Higher Education GAA chairman says moving competitions before Christmas would devalue them

Colm O’Rourke complained that playing Sigerson and Fitzgibbon alongside leagues is an ’abuse of players’

The chairman of Higher Education GAA, Mike Hyland, believes relocating the third-level championships prior to Christmas would only serve to devalue the competitions.

Hyland was speaking in response to comments made by Meath manager Colm O’Rourke, who on Sunday claimed playing the National Leagues simultaneously alongside the Sigerson and Fitzgibbon Cups was reckless.

“The timing of the Sigerson is all wrong,” commented O’Rourke. “We have six players tied up in it and we had to take off five of them today. There’s two of them now injured with hamstrings. They’re pure overuse injuries. It’s a disgrace, it’s abuse of players and it shouldn’t be going on at this time.”

Finding a suitable place in the calendar for the third-level competitions has long proven to be a puzzle without an agreeable solution for the GAA. But Hyland feels there is no need to be haphazardly shuffling pieces of the jigsaw.


“I have no doubt they are in the only date they realistically can be in for them to be meaningful competitions for the players and for the colleges,” remarked Hyland.

“People are only back to college in late September, we play our leagues in October and November. The vast majority of colleges have exams before Christmas, there are a few have them after, but most are before Christmas.

“That gives you the first six weeks of the new year then for students to play Sigerson, Fitzgibbon, Ryan and Trench Cup.

“If you bring them before Christmas, it doesn’t really stack up for me, you are devaluing the competitions so much. And there would be no league played either, because you are not going to play league after championship.”

The counter-argument is by playing the competitions before Christmas it would provide them more scope for media attention and TV coverage, in turn garnering greater public interest as they would not be competing for eyes against intercounty games.

However, Hyland believes there would be an even more significant crossover of players still involved with clubs at that time and stresses the GAA also need to be cognisant of the role colleges play in promoting the games, enjoying a platform other sports organisations would love to be granted.

“Colleges have invested massive amounts in scholarships and also a huge amount in facilities for GAA,” added Hyland. “If you take it that there are two semesters, you really need to be playing GAA in those two semesters for it to be worthwhile for the colleges and for the players themselves.”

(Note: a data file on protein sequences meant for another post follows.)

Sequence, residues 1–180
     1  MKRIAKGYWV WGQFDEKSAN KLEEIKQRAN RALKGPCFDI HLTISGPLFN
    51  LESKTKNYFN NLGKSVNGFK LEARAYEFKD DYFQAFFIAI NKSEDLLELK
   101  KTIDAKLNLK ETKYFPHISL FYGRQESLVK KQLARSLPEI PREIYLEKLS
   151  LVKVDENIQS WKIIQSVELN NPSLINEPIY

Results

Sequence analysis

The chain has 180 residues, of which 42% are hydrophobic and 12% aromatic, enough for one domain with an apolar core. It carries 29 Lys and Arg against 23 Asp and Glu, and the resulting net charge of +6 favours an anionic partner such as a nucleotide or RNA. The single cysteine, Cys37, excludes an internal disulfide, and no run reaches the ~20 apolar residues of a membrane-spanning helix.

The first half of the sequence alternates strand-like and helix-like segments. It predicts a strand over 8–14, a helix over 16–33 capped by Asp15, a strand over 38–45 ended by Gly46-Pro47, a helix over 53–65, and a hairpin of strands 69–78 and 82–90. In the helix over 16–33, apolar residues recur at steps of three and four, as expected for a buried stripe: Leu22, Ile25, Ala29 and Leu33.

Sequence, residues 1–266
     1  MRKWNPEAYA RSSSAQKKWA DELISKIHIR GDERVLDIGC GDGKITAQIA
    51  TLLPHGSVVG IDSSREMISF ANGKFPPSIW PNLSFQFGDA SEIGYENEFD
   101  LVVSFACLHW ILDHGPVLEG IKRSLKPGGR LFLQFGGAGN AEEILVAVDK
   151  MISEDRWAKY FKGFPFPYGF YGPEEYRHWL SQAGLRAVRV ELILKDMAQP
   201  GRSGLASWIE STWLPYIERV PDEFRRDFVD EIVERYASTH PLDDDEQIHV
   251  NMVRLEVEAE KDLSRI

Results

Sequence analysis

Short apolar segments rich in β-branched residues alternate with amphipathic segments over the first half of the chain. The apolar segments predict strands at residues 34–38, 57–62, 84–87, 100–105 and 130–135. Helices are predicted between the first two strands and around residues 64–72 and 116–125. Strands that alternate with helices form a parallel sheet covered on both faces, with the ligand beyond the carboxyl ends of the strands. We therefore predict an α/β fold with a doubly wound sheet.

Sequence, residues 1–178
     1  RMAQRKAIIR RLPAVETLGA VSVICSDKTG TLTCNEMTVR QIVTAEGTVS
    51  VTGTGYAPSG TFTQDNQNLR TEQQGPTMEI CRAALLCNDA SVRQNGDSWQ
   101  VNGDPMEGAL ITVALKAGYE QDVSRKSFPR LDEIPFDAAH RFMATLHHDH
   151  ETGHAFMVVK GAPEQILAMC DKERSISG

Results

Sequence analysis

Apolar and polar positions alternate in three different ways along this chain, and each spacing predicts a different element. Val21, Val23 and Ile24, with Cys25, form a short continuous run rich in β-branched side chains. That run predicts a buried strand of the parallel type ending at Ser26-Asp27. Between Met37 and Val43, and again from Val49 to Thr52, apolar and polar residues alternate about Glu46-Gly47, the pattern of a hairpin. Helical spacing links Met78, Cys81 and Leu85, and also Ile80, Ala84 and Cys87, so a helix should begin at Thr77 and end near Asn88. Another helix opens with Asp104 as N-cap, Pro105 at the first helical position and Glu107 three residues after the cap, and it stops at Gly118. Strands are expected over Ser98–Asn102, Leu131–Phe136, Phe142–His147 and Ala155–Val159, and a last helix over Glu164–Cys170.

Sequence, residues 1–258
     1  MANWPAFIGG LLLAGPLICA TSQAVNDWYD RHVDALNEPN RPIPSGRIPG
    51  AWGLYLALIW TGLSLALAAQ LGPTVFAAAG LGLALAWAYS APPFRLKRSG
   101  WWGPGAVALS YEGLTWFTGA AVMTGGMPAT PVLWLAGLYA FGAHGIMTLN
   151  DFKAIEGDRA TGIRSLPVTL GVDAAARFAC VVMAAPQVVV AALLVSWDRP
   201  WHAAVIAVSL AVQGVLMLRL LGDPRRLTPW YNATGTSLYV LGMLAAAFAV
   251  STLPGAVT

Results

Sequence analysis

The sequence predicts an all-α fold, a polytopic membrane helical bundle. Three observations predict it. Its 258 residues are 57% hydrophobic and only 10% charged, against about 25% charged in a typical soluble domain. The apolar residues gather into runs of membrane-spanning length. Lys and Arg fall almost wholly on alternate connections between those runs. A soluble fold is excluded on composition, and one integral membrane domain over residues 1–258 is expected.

O’Rourke’s gripe arose after two of his players – Mathew Costello and Shane Walsh – picked up injuries. Costello suffered a hamstring injury playing for DCU against MTU Cork last Tuesday while Walsh, who is also with DCU, had to come off with a similar injury during the first half of Meath’s win over Clare last Sunday.

“I just think it’s an absolute disgrace what is happening with these players, the best of young players,” stated O’Rourke.

“The GAA talk about player welfare – this is the ultimate in player abuse.”

It is a storm that tends to get whipped up annually at this time of year, as county managers express frustration at the scheduling, usually after losing a player or two to injury.

“I wouldn’t say disappointed, it’s not the first time it has been said and realistically it probably won’t be the last,” said Hyland when asked about O’Rourke’s comments.

“Unfortunately, at this time of the year injuries are commonplace but not just amongst students. I’m from Galway and sadly we saw Damien Comer pick up an injury last weekend.

“Intercounty managers are obviously under a lot of pressure, particularly in Division Two and Three now where their Sam Maguire participation will depend upon their league.

“But once the lines of communications are kept open between county managers and college managers, it generally works very well. These players do no training worth talking about for their colleges, they are literally playing games and doing an odd walk-through during the week.”

Hyland argues that if you take the emotion out of it and examine the situation practically, then the disruption to intercounty set-ups is minimal.

“The time it takes up is very small,” he continued. “For the first round of the National League, you are talking eight teams left in the Sigerson, by the second round you are down to four. After Wednesday night that will be down to two.

“College is a really short time in your life, but it’s a very important time for people, a very formative time. I think it is important they are given the chance to play these games for their colleges.”

The Electric Ireland Sigerson Cup semi-finals take place at Netwatch Cullen Park on Wednesday: DCU v UL at 6.15 and TU Dublin v UCC at 8.0. Both games will be streamed live on TG4′s YouTube channel.

Gordon Manning

Gordon Manning

Gordon Manning is a sports journalist, specialising in Gaelic games, with The Irish Times